3. Patients and Methods
3.1. Participants and Study Design
This study was conducted in 2012 in Tehran; the present study is a causal-comparative study. The sample consisted of two groups: 80 adolescents aged between 15 and 18 residing in the Tehran Juvenile Correction and Rehabilitation Centers and a control group composed of 80 adolescents aged between 15 and 18; the control group was selected with cluster sampling method from secondary schools of Tehran. The delinquent group were selected through the convenience sampling method from the Tehran Juvenile Correction and Rehabilitation Centers. The inclusion criteria were as follow: Age ranged between 15 and 18 years, Any levels of reading and writing ability were considered, Without any severe mental and physical illnesses, Living with both birth parents.
3.2.1. Sociodemographic Data Sheet
A sociodemographic data sheet was used to record personal information of the delinquent adolescents including age, education, birth order and the personal information of the mother and father of the adolescent including age, education and job type.
3.2.2. Child–Parents Relationship Inventory
The basic form of this questionnaire was designed by Fine at al. (21) with the aim of evaluating the quality of children-parent relationship. This inventory is a 24 item self-report measure that focuses on the adolescents and their relationships with their parents. The parent-child relationship test includes two forms: the first one evaluates mother-child relationship and the second one evaluates the father - child relationship. The Cronbach alpha reliability for subscale of father is between 0.89 and 0.94 and for subscale of mother is between 0.61 and 0.94. The Cronbach alpha reliabilities for the Persian version of the scale are reported as well: subscale of father = 0.93, subscale of mother = 0.92.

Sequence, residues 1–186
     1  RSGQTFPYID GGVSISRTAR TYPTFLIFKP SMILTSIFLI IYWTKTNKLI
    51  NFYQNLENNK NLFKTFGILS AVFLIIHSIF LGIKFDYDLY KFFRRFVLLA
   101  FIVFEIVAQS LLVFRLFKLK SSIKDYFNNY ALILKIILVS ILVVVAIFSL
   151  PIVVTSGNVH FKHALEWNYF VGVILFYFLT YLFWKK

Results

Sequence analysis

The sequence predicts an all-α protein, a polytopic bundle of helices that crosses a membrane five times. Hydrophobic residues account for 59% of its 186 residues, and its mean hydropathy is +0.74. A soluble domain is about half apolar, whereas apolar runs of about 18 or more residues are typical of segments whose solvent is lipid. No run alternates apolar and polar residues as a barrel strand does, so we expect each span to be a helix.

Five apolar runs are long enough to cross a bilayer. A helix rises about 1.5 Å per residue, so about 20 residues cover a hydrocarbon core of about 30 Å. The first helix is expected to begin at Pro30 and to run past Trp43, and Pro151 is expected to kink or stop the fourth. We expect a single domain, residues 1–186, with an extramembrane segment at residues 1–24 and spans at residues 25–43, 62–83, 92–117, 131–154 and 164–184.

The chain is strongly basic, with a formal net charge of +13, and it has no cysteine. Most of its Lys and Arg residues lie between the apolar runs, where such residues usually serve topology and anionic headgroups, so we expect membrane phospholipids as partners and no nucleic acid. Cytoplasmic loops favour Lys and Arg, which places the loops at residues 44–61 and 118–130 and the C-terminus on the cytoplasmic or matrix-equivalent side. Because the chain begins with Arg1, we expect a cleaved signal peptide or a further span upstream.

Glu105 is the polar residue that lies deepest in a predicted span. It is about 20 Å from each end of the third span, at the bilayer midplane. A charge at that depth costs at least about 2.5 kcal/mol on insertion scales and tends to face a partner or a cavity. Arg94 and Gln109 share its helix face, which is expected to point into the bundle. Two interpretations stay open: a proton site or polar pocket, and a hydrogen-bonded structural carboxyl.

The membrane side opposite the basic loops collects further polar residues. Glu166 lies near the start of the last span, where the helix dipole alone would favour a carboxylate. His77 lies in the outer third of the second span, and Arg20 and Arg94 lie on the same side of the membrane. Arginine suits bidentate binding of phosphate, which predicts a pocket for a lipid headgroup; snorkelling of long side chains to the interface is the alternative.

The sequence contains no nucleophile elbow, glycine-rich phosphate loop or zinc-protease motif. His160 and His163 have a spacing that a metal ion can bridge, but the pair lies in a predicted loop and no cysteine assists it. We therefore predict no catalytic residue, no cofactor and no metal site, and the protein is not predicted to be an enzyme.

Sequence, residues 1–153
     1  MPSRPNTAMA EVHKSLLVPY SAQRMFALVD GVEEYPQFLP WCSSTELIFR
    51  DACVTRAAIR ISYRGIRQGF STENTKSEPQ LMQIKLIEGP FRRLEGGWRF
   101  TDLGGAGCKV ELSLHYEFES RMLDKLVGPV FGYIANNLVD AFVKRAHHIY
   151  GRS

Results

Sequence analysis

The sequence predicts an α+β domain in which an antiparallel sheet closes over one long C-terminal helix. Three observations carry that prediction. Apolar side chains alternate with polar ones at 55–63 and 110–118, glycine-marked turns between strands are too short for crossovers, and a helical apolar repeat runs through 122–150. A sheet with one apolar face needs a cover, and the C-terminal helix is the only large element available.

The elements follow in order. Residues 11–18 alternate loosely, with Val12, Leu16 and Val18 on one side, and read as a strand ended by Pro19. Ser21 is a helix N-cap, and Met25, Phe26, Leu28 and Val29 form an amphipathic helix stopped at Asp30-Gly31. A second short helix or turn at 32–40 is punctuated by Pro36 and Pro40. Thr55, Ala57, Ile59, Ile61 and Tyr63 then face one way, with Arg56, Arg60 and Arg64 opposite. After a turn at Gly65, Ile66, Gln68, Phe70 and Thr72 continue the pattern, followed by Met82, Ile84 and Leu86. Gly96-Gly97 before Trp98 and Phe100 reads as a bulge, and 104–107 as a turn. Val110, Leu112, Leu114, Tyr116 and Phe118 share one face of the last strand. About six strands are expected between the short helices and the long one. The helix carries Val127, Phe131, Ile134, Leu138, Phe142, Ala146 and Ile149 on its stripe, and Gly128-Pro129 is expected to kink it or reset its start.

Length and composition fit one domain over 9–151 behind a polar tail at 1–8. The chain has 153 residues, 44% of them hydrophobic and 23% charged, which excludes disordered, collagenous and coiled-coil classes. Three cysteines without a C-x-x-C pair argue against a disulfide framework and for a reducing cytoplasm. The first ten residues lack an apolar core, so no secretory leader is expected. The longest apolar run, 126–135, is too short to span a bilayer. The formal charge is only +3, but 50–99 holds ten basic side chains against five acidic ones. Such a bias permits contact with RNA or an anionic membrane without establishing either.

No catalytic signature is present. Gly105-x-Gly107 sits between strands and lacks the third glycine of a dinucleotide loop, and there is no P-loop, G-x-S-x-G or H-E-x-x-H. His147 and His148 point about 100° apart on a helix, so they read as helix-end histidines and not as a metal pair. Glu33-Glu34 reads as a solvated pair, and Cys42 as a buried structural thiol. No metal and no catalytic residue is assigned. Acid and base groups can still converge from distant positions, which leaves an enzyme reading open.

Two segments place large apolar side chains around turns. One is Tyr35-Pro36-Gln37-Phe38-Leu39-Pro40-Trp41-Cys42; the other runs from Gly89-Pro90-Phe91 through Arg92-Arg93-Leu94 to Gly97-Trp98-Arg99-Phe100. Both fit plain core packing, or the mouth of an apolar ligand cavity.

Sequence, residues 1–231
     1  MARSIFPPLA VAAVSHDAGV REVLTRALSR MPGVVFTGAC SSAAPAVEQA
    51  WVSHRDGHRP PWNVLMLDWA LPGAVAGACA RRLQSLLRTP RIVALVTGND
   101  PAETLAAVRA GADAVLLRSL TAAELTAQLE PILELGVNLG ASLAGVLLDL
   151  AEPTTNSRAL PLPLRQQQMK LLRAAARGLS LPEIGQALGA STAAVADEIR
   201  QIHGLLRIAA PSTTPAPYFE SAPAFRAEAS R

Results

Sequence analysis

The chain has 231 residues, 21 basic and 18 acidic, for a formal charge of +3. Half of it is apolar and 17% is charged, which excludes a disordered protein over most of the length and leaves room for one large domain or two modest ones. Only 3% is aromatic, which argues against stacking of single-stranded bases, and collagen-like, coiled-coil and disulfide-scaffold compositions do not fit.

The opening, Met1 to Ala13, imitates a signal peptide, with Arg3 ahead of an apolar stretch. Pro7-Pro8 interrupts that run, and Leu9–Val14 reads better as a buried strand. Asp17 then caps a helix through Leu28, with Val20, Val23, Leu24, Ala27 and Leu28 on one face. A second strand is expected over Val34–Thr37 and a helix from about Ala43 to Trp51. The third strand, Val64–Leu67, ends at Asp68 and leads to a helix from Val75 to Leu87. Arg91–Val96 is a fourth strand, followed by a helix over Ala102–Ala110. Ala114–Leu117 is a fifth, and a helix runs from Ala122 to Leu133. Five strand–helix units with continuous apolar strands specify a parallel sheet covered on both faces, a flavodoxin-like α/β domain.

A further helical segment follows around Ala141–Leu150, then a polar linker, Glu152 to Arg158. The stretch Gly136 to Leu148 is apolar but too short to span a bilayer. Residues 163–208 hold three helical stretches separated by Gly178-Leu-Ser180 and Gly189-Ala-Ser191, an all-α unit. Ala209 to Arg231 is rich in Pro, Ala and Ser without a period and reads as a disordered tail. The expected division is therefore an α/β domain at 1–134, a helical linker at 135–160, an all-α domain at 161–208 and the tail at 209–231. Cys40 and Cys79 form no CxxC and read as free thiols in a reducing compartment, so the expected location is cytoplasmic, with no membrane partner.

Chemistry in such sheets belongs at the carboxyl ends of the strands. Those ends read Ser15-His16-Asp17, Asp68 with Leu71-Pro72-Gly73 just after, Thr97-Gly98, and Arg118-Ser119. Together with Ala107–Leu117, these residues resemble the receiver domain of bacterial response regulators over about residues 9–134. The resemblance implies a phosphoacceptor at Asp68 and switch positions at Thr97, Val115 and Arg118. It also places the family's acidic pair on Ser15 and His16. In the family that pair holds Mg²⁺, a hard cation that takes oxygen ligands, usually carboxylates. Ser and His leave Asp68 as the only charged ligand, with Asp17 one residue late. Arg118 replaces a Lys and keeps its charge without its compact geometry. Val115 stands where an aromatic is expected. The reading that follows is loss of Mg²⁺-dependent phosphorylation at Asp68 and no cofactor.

3.2.3. Family Power Structure
This questionnaire was designed by Saidian (22). This inventory is a 63-item self-report measure. The family power structure contains three subscales: couple-related family power, family power structure, and the method of enforcement of couple power. The maximum and minimum scores in subscale of the family power structure are 230 and 46, so that higher scores reflect greater power structure in the family. Participants respond to items on a five-point Likert-type scale, ranging from one (not at all true for me) to five (very true for me). The original study reported internal consistency reliabilities (Cronbach alpha) as follow: couple-related family power = 0. 83, family power structure = 0.85, the method of enforcement of couple power in the family = 0.73.
All mothers were asked to complete the Family Power Structure questionnaire. Students were asked to complete the Child–Parents Relationship Inventory and Sociodemographic data sheet. Then collected data was analyzed using SPSS-13 software. Data was compared between these two groups utilizing independent t-test, dependent t-test and Levene’s test.